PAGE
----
Theresa is the third major female character to appear in season both season one and two and akin to Pam and Kate, she is also dead. Theresa is a former Secret Service Agent turned stay at home mom, who spent most of the time on the show worried that Ethan would have another affair with Kate, or worried about the survival of her son. At no point, could Theresa’s character ever be seen as powerful and even when put in the situation to fight for her life during the Abbie invasion, it was Ethan who came to the rescue. Alone and adrift in the wake of Ethan’s death and Jason’s control of the town, Theresa seemed to wander around Wayward Pines like a ghost, never doing much concrete to find Ben. In fact, Theresa’s inability to formulate a plan to find her son or affect any change is symptomatic of her complete impotence.
Theresa’s character is the quintessential wife and mother and never evolves beyond that. Her only form of resistance is her rejection of Ethan’s former boss Adam Hassler - the man responsible for her family being in Wayward Pines. Adam claims to love Theresa but clearly he sees her as a possession to be claimed from another man and is willing to do anything to make it happen. With Ethan and Ben dead, Theresa is injured in an Abbie attack despite Hassler’s best efforts. When she tosses his hand away at her death bed, it is the singular act of resistance Theresa displays in two seasons. It’s noteworthy that it took Theresa’s death for her to show that she has some kind of backbone.
If you’re counting, that’s four dead female characters. Of the ones who are living in season two, not much positive can be said. Kerry is supposedly Jason’s second in command and partner. It’s easy to see Kerry’s strength and intelligence, especially because it’s often juxtaposed to Jason, who is overly emotional, reactionary, angry and just all around pathetic. Kerry often has to carefully manage Jason to keep the situation from becoming a disaster. For instance, though Theo adequately proves that Margaret (the female Abbie they have in captivity) is not simply a dumb animal but an intelligent entity, Jason responds by killing the male abbies to punish them for scratching Theo. Jason then attempts to kill Margaret, until he is stopped by Kerry who argues that Margaret may be their only hope to understand the Abberations. Jason knows how dangerous the situation is but he still wants to kill Margaret, the only hope of saving Wayward Pines. Sure, Jason’s plagued with self doubt but he should be because he’s incompetent. Rebecca. a former architect and wife to Theo actually confronts Kerry about her relationship with Jason but of course, true love is enough for Kerry to overlook Jason’s glaring faults, even as he guides them closer and closer to destruction.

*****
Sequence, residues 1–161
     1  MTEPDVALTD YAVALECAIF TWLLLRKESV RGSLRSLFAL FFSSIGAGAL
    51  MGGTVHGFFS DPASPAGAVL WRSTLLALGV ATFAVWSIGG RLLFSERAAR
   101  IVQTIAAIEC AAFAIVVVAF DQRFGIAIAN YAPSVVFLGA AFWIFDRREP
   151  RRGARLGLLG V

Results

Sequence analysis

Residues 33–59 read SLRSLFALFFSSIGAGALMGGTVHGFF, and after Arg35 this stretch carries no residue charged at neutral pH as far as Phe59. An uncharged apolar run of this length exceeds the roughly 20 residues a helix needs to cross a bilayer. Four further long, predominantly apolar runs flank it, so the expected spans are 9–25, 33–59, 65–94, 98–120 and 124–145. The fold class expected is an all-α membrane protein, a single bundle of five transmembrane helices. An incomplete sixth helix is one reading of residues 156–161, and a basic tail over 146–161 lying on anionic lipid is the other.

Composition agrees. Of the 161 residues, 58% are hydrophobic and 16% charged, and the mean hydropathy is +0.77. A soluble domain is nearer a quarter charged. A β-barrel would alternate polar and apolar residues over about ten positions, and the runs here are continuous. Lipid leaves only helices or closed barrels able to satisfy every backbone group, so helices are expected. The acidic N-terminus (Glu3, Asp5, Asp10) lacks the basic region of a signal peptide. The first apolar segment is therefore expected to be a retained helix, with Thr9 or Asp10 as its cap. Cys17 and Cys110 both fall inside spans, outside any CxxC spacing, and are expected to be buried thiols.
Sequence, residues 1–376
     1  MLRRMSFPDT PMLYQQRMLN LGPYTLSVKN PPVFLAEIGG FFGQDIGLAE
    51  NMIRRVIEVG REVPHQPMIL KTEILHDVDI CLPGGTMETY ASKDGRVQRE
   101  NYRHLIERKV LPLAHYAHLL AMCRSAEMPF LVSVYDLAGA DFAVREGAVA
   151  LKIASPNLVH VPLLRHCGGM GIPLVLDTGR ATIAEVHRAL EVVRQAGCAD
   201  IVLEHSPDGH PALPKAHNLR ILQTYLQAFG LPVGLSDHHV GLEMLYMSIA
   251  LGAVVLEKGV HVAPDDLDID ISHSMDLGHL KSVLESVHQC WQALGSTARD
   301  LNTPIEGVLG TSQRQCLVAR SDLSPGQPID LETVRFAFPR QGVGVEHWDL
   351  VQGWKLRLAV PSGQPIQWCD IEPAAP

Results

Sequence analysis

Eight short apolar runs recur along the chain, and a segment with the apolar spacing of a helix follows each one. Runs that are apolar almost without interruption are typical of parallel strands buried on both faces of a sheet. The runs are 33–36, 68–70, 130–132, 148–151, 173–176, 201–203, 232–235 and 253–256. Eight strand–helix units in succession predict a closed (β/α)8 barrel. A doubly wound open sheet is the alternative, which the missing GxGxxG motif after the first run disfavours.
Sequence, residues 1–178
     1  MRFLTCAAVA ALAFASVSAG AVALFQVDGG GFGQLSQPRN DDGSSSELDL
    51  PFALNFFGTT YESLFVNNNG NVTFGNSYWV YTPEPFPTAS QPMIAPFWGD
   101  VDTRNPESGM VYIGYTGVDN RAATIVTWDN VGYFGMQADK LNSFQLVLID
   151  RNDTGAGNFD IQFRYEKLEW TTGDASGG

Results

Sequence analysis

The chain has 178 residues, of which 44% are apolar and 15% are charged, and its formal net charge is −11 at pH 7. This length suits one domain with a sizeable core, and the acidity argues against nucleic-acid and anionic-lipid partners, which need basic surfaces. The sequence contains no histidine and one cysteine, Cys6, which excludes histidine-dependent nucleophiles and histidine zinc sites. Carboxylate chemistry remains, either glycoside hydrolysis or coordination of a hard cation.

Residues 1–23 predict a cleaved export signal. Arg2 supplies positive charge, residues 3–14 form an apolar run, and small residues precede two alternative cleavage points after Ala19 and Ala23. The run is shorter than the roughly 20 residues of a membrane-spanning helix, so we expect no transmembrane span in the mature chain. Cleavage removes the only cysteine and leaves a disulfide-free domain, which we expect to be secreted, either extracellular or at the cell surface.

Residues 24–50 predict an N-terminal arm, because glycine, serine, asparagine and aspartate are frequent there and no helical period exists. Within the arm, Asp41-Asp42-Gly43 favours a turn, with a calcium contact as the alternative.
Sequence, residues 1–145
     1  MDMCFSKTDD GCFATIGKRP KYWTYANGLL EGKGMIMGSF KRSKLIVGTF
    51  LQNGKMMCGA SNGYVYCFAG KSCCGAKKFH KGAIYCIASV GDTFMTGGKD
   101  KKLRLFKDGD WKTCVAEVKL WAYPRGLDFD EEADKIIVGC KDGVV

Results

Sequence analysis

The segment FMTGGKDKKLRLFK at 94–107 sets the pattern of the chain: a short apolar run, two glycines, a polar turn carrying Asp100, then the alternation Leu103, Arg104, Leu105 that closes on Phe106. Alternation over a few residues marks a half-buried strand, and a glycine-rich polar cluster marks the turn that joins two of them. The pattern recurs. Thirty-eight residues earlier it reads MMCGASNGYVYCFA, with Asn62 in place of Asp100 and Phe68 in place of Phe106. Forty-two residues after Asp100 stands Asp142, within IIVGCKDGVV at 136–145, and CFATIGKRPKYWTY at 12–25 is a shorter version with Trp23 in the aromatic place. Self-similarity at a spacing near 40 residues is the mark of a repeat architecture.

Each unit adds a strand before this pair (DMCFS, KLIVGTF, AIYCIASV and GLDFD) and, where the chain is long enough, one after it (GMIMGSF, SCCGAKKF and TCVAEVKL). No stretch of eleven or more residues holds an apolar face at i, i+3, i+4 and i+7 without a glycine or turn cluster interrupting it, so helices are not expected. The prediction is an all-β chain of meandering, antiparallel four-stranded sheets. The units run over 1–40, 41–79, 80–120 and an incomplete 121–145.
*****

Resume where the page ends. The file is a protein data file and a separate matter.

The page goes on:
Kerry is a survivor as evidenced by the fact that she lived through the abuse of her father and her stepbrother and though she claims that neither are Jason’s father, I’m not sure I believe her. Kerry wants nothing but to wash away the dust on her feet and see the world. She wants to reinvent herself and Pilcher steals that away from her when he puts her into stasis. Yes, Pilcher gave Kerry a life that she never could have imagined but it was clearly not a life that she wanted.
Jason’s absolute incompetence is not the only impediment to the relationship between him and Kerry. Part of the responsibility for each member of Wayward Pines is to reproduce. Unsurprisingly, pressure is unevenly applied to women though it takes two for conception. Megan being the fanatic, has no problem shaming Kerry for her failure to become pregnant. At no time does Megan consider that an infertility problem could be Jason’s issue and instead it’s framed as a form of rebellion on Kerry’s part. Motherhood ultimately is the issue that brings real conflict in Kerry’s life. Not only is Kerry Jason’s lover, she turns out to be Jason’s mother. The news of his parentage is so disturbing to Jason that he immediately grabs his gun. Though Kerry is just as ignorant about their family connection, Jason sees betrayal and becomes violent. Kerry becomes the absolute manifestation of Jason’s Mommy issues and his feelings of betrayal and abandonment once again manifest. Given that Kerry only came to the attention of Pilcher because of an unplanned pregnancy, it’s telling that for the now infertile Kerry, motherhood comes to define her character, forcing her to shoot the one person she has come to love.